AV Fistula - Understanding Dialysis Fistulas
POSTED BY Dr. Sumit Kapadia | Jun 05, 2023

Understanding Dialysis Fistulas: A Complete Guide


When it comes to treating kidney diseases, dialysis serves as a life-saving procedure. Hemodialysis, in particular, requires the creation of a reliable access point for blood flow, which is where an arteriovenous (AV) fistula comes into play. The AV fistula, often known as a ‘dialysis fistula,’ is an integral part of the hemodialysis procedure. This comprehensive guide will delve into the specifics of what a dialysis fistula is, why it’s needed, how it works, and how often dialysis is typically done.

What is Fistula in Dialysis?

In the context of dialysis, a ‘fistula’ refers to an arteriovenous (AV) fistula. This term might seem complicated, but it’s simply the name for a connection created surgically between an artery and a vein in the body. This connection is crucial for those who require kidney dialysis as a part of their treatment for kidney disease or kidney failure.

A dialysis fistula is an essential part of this process. The fistula, created usually in the arm by a vascular surgeon, becomes an access point through which blood can be taken from the body, cleaned through the dialysis machine (essentially doing the work of the kidneys), and then returned to the body.

When creating a fistula, the vascular surgeon connects a vein to a nearby artery. This connection allows the higher-pressure blood from the artery to flow into the vein. Over time, this increased blood flow causes the vein to enlarge and thicken, a process known as maturation. The mature fistula can then accommodate the needles used during the dialysis procedure, and it provides a high-flow, long-lasting access point for kidney dialysis treatment.

The use of a fistula for kidney dialysis is generally preferred over other types of vascular access due to its longevity, lower infection rate, and lower tendency to clot. After the fistula has been created, it requires careful maintenance to ensure it remains functional for kidney dialysis for many years. Proper care can help avoid potential complications and ensure a smoother and more efficient dialysis procedure for those living with kidney disease or kidney failure.

Also Read: Why an AV fistula is Considered a Lifeline for Dialysis Patients?

Why is Fistula Needed for Dialysis?

A fistula is crucial for dialysis as it creates a durable and reusable access point for the procedure. During dialysis, blood must be transported from the patient’s body to the dialysis machine, where it is cleansed and then returned to the body. This process requires a robust and reliable access point that can tolerate repeated needle insertions. The fistula’s larger size and higher-pressure arterial blood flow allow for the high blood flow rates necessary for effective hemodialysis.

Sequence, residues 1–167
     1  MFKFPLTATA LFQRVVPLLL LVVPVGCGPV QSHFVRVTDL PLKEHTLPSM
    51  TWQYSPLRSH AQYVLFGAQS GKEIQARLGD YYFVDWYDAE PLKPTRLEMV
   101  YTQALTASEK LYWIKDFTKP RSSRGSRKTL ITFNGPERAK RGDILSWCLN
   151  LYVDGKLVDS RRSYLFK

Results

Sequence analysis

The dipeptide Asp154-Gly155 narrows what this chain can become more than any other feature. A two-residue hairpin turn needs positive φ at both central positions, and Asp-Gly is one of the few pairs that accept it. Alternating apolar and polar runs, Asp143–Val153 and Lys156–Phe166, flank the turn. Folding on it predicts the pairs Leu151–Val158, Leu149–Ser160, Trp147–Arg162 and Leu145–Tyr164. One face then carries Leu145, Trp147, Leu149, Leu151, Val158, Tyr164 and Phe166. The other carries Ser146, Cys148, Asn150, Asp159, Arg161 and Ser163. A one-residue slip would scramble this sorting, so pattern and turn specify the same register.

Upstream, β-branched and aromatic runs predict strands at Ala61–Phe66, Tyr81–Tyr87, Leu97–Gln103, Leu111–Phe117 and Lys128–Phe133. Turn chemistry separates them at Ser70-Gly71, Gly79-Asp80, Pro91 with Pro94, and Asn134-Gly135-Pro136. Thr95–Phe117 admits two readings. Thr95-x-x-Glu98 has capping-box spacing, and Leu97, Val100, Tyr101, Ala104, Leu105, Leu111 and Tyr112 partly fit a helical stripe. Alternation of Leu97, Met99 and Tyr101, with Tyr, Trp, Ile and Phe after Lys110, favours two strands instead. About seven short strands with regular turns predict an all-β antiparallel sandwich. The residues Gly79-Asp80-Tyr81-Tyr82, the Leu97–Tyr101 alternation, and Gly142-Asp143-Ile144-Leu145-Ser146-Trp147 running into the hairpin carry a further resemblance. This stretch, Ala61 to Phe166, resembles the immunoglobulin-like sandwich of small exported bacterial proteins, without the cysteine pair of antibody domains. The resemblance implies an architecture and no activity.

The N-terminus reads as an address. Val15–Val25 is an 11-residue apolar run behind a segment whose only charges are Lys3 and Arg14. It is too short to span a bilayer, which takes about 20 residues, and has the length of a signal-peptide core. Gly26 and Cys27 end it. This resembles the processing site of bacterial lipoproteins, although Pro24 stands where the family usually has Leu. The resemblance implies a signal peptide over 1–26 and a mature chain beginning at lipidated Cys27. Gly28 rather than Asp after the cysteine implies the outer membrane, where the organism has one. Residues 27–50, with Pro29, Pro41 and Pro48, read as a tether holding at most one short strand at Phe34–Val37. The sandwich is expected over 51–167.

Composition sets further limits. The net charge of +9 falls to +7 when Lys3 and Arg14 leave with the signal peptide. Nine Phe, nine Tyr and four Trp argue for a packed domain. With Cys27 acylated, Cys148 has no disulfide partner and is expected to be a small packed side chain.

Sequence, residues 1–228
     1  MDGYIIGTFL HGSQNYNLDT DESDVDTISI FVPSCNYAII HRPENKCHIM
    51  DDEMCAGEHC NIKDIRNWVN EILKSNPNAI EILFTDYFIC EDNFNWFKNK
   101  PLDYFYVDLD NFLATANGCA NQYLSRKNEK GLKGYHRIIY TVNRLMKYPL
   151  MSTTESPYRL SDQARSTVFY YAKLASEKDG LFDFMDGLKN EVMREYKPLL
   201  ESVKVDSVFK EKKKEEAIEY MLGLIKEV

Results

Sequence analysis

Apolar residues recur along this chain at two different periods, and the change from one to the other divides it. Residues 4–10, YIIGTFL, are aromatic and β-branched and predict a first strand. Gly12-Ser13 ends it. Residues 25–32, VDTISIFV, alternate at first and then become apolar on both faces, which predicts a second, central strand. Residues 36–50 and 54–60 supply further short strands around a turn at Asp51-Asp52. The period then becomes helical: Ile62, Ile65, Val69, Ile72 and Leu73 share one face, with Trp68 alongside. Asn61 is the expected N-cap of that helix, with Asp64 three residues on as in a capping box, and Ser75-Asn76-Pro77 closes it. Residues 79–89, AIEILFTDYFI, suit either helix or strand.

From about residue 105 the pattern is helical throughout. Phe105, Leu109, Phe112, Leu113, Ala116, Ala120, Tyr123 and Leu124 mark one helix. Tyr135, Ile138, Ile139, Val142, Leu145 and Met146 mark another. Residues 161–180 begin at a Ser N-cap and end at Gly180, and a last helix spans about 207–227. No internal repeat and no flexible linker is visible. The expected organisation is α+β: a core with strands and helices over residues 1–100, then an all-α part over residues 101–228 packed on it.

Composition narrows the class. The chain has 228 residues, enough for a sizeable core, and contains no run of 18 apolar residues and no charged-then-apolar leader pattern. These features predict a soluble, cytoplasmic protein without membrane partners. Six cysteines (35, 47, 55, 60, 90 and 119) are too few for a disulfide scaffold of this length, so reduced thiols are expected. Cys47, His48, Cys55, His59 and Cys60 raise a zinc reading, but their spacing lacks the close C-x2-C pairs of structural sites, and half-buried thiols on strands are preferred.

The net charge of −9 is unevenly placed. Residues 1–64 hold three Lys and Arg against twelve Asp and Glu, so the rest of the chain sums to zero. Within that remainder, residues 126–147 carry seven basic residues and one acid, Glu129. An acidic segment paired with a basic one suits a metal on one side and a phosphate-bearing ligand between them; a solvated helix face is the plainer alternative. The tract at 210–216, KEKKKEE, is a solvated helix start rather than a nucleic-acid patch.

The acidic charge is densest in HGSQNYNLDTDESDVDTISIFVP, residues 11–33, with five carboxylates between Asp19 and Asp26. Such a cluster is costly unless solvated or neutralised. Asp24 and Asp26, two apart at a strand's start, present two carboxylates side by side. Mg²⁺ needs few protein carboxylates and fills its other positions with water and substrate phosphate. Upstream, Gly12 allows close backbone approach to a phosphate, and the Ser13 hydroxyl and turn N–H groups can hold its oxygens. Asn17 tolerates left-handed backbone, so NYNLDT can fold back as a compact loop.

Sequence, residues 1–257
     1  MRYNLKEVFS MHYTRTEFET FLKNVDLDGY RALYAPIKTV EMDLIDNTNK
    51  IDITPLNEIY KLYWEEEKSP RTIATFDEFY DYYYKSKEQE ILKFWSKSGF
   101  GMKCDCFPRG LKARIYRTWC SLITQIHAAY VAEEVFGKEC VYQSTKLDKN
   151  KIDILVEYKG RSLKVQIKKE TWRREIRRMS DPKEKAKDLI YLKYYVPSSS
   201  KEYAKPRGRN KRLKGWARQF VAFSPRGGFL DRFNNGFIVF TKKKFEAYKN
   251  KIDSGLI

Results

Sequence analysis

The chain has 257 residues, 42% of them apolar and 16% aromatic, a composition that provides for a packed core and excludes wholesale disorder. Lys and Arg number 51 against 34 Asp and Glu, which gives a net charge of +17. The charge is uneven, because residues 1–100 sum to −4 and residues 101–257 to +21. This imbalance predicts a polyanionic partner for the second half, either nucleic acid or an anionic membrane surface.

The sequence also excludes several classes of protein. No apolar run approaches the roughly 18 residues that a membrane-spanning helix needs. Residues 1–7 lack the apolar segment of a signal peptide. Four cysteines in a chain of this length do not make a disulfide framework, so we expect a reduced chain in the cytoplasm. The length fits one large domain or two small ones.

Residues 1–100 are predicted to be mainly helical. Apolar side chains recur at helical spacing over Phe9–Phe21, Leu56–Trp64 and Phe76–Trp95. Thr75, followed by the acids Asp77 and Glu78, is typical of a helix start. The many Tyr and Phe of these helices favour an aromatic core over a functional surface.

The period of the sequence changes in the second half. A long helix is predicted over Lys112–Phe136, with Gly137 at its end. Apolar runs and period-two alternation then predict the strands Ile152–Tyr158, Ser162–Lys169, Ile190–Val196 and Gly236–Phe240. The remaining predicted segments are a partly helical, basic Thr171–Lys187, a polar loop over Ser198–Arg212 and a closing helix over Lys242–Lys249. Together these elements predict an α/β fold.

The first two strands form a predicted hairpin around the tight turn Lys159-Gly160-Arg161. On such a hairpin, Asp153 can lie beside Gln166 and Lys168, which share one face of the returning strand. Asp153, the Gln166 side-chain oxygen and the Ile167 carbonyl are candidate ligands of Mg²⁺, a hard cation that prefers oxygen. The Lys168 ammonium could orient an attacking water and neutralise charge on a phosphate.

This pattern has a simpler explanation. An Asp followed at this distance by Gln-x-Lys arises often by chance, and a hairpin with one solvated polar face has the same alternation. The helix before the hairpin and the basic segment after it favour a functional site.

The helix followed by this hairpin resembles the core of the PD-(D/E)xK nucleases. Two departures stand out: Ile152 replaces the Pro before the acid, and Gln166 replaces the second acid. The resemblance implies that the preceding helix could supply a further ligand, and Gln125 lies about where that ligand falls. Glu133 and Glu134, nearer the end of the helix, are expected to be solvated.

Furthermore, an AV fistula has a lower risk of complications such as clotting and infections compared to other dialysis access methods, making it the preferred choice for dialysis access whenever feasible.

How Dialysis Fistula Works?

A dialysis fistula works by providing a robust and efficient pathway for blood flow from the patient’s body to the dialysis machine and back.

After the creation of the fistula by a vascular surgeon, it requires a ‘maturation’ period, typically a few weeks to a few months. During this time, the connected vein, exposed to the higher pressure of the arterial blood flow, enlarges and strengthens. Once the fistula matures, it’s ready for use in dialysis.

During a dialysis procedure, two needles are inserted into the fistula. One draws blood to be filtered in the dialysis machine, and the other returns the cleaned blood to the patient’s body.

How Often Dialysis is Done?

The frequency of dialysis depends on several factors, including the individual’s kidney function, the type of dialysis, and their overall health condition. Typically, hemodialysis is performed three times a week, with each session lasting about three to four hours. However, some patients may require more frequent or longer sessions based on their specific needs. It’s crucial to follow the dialysis schedule determined by the healthcare provider for the best outcomes.

What signs during or after dialysis should be of concern?

  1. Poor flow
  2. High venous pressures and excessive bleeding after dialysis
  3. Difficult needling of dialysis fistula
  4. Local Redness, swelling and pain, suggestive of infection or clotting.
  5. Swelling of entire upper limb suggestive of central vein blockage.
  6. Pain and reduced movements of fingers.

Also Read: 8 Tips to Improve Blood Circulation in Legs & Feet


In conclusion, a dialysis fistula is a pivotal component in the hemodialysis process. It facilitates a reliable and efficient pathway for blood to travel between the patient’s body and the dialysis machine, thus ensuring the effective removal of waste products from the patient’s blood. The procedure to create an AV fistula is typically carried out by a vascular surgeon.

Dr. Sumit Kapadia, with his extensive experience and expertise in the field, has been instrumental in performing numerous AV fistula surgeries. While the fistula may require some time to mature post-surgery, a well-maintained fistula can function efficiently for many years, thus making the dialysis procedure smoother and safer for patients.

Understanding the role, functionality, and care of a dialysis fistula can greatly enhance patients’ comfort and confidence during their dialysis journey. With skilled and experienced professionals like Dr. Sumit Kapadia, patients can rest assured that they are receiving the best possible care for their dialysis needs.